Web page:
What is the DFARS Checklist?
DFARS stands for Defense Federal Acquisition Regulation Supplement. Despite its best intentions, the acronym doesn’t give the layman much of a hint to its actual purpose. In simpler terms, the DFARS checklist is a security standard set forth by the Department of Defense (DoD).
Any business or entity that holds Controlled Unclassified Information (CUI) is required to meet the DFARS minimum security standards or runs the risk of losing all of their DoD contracts. This supplemental regulation summary comes from NIST Handbook 162. A complete breakdown of cybersecurity requirements and a step-by-step guide is available for your perusal. Be forewarned that the NIST handbook 162 is not the easiest read. However, it is very useful.
Companies with defense contracts may be interested to know that within NIST Handbook 162 is also information regarding NIST SP 800-171. NIST SP 800-171 and DFARS compliance are closely related but have separate requirements that all must be met in order to maintain DoD contracts.
The most recent DFARS compliance update deadline was the last day of 2017. Due to the nature of digital security, continual updates of DFARS are to be expected every few years.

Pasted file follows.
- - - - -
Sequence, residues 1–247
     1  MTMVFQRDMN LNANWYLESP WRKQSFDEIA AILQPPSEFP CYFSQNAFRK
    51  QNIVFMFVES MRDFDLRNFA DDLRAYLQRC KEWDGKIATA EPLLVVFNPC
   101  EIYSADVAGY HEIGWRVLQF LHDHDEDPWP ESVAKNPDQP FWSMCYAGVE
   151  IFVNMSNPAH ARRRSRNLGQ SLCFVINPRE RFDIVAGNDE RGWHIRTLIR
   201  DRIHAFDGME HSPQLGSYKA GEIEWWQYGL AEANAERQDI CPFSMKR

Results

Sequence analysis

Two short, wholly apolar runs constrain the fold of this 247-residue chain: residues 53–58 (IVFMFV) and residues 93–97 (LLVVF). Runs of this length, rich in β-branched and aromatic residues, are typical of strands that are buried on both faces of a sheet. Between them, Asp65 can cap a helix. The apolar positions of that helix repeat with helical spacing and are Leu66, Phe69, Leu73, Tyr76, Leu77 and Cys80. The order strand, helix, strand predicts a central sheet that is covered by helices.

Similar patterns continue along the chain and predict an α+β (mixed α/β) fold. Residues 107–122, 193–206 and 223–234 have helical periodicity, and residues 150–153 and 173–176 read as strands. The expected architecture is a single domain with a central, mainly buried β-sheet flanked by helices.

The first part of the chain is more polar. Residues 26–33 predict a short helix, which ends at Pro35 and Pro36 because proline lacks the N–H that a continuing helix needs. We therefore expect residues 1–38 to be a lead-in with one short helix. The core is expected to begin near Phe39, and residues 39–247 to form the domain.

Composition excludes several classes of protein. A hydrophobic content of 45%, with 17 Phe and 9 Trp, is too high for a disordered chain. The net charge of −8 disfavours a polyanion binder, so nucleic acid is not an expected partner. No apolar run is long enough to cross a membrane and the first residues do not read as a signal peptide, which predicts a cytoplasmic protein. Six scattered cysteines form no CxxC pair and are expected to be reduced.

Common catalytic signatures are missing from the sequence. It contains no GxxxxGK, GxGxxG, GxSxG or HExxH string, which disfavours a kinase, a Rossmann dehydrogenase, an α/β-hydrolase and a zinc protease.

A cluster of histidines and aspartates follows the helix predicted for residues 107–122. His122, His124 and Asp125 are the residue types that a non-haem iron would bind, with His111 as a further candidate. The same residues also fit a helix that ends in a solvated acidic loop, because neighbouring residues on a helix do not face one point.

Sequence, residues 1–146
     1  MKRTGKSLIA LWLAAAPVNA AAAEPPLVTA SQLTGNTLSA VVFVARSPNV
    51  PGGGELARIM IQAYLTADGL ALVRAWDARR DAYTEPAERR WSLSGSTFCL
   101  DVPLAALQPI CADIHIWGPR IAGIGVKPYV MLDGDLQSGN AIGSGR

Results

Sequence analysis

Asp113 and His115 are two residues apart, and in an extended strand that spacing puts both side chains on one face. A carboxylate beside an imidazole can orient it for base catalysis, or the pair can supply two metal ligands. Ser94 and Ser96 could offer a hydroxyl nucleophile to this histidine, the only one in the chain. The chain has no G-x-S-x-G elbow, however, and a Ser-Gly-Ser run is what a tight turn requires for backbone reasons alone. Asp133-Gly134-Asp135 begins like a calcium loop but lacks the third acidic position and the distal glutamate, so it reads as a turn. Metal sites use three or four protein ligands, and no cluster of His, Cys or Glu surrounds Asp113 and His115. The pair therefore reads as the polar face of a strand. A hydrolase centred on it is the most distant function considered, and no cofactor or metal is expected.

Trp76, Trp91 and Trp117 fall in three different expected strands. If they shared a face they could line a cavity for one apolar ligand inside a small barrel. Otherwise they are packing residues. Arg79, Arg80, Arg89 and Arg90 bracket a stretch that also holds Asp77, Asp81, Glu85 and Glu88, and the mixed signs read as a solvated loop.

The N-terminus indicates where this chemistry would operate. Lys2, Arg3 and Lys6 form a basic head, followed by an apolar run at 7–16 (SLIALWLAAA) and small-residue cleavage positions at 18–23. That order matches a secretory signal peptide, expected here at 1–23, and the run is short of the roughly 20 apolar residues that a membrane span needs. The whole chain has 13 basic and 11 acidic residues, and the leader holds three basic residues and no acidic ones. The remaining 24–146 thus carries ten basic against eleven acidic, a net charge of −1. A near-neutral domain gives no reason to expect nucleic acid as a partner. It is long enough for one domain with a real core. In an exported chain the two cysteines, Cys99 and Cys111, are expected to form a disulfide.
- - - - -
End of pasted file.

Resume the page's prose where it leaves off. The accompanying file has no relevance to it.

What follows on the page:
DFARS are complicated security requirements that involve following some confusing instructions. RSI Security has been helping businesses of all sizes with all types of security obligations. Read on to learn how you can cross off the DFARS checklist or contact us today for more personal help.
What is the Purpose of the DFARS Checklist?
The world is changing at a rapid rate and no, we aren’t talking about global warming. The digital age has come and it is definitely here to stay. Sensitive information, worth of billions of dollars, is sent and secured around the world every day.
The internet, full of useful and helpful information, has also become a battleground for hackers and countries alike. Each is aiming to protect their own information and infiltrate the systems of their “enemies.”
Whether it is the increased intensity of government-sanctioned Chinese hackers or Russian hackers probing at everything from power grids to elections, digital espionage and cyber attacks are part of the new normal. That is why countries all over the world, including the United States, are beefing up their digital security and tightening any potential leaks of sensitive government information.